Newsletter 43 May 2003
To the North Col
After a couple of days of bad weather the whole team grouped up (minus Sue who was feeling sick) and we made an early start on our first push to 7000m. The first stage is about a kilometre hike up the glacial moraine to a point where crampons and harnesses are donned to deal with stage 2 which is another half "k" or so across the glacier. Its not badly crevassed but there are a couple of slots that would ruin your day if you slipped in and so we all carry the necessary gear for extraction. This year the glacier is blue with little snow cover so all the objective risks are fairly obvious.
ABC is at 6450m or so and the head wall of the North Col is approx. 500m of ascent on steep snow and ice to 7060m at Camp 1 on the North Col. The ascent requires a jumar for use as safety on the fixed ropes and this is backed up by a safety karabiner. But the climbing is leg power and an ice axe in one hand for steadying and also in those places were the slope goes to 70 degree ice, the additional purchase of an axe placement is much appreciated.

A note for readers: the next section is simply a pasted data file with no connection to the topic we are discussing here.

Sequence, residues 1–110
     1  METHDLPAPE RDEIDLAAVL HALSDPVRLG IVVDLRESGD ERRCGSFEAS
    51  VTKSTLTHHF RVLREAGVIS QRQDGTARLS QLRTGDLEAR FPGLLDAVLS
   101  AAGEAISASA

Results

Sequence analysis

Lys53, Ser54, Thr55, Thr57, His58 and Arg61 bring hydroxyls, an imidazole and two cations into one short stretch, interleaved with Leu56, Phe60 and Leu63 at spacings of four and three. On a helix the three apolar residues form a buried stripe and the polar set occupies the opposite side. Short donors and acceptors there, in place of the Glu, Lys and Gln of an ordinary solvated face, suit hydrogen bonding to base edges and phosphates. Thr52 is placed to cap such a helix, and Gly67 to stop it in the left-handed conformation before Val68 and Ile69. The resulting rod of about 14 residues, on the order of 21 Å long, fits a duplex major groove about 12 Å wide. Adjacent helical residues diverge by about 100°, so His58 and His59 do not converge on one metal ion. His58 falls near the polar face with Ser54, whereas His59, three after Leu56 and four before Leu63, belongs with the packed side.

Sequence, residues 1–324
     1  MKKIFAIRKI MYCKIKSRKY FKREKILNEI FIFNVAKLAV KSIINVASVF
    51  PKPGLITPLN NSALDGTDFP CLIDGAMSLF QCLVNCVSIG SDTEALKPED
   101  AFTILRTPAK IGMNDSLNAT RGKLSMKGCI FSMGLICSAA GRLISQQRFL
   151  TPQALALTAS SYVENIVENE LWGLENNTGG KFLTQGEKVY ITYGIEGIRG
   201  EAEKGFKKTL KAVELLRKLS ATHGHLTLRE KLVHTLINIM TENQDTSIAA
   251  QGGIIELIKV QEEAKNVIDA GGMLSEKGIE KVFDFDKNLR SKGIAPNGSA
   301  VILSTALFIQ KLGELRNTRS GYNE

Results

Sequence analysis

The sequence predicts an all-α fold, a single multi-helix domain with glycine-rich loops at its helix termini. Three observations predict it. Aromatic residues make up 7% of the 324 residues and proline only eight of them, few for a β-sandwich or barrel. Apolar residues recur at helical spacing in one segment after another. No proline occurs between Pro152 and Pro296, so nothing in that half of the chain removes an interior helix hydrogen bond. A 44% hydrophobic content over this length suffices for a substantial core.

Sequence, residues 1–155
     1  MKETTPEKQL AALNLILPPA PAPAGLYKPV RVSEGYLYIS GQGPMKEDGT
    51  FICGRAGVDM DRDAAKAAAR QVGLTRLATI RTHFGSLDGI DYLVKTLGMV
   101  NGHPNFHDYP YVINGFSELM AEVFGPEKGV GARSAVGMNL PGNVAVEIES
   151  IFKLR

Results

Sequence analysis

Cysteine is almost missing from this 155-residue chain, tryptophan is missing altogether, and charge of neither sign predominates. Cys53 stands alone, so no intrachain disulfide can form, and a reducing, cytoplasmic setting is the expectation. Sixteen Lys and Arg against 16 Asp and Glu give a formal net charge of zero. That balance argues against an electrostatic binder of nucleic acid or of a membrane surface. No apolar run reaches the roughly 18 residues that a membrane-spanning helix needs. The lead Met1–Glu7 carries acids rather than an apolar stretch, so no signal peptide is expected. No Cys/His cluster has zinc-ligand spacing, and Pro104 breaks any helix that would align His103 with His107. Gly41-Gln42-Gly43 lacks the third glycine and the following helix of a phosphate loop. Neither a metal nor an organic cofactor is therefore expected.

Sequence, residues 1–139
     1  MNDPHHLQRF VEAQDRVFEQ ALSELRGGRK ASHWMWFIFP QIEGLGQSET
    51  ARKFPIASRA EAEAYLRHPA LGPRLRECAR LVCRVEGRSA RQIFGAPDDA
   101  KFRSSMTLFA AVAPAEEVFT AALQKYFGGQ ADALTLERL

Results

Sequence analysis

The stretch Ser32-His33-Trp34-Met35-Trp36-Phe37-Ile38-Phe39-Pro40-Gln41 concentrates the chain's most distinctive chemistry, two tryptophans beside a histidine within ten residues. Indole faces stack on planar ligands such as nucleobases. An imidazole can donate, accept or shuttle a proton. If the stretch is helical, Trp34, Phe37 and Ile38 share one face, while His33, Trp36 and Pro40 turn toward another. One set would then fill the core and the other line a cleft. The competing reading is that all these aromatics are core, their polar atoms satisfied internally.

The route takes a zig zag across the face, trying to avoid the most precipitous of slopes but also trying to stay out of risk from the hanging seracs and ice falls, which are ever present, above our heads. The route is on the northern side of the east facing slope, because this side is less prone to avalanche.
A fast climber will do this route from ABC in a little under 4hrs but the average will take 5hrs plus. All of our group makes it in 4 to 5hrs which is a good sign and good effort for our first real push onto the mountain. This illustrates that the acclimatisation is working nicely.
To the North Col, Camp 2 and pushing above
After several days rest the next stage of pushing up the mountain is to take the team up via the North Col, where we will sleep and then on, next day, to Camp 2 which means the long and sole destroying one and half kilometre (500m vertical) thrash up the North Ridge to a sight perched at the end of the snow slope under the rocks just below the yellow band at 7500m. This bigger exercise means a load carry of personal high altitude kit such as down suits, heavy fleeces etc. as well as carrying enough food for three days on the mountain.
Selecting the food itself from the range we have in camp is down to personal preference. Those with perhaps less high altitude experience and expecting to be as hungry as horses don't seem to heed the input from others who have been there before who recommended bland food and not very great quantities. Rather focus on soups and teas and isotonics with lots of high calorie snacks and maybe a very bland evening meal such as beans and rice. The hungry horses take lovely stews and exotic tilda rices. Tony and Trynt take rice and beans, pringles and cheese snacks and lots of soup, tea and "Gu" isotonics.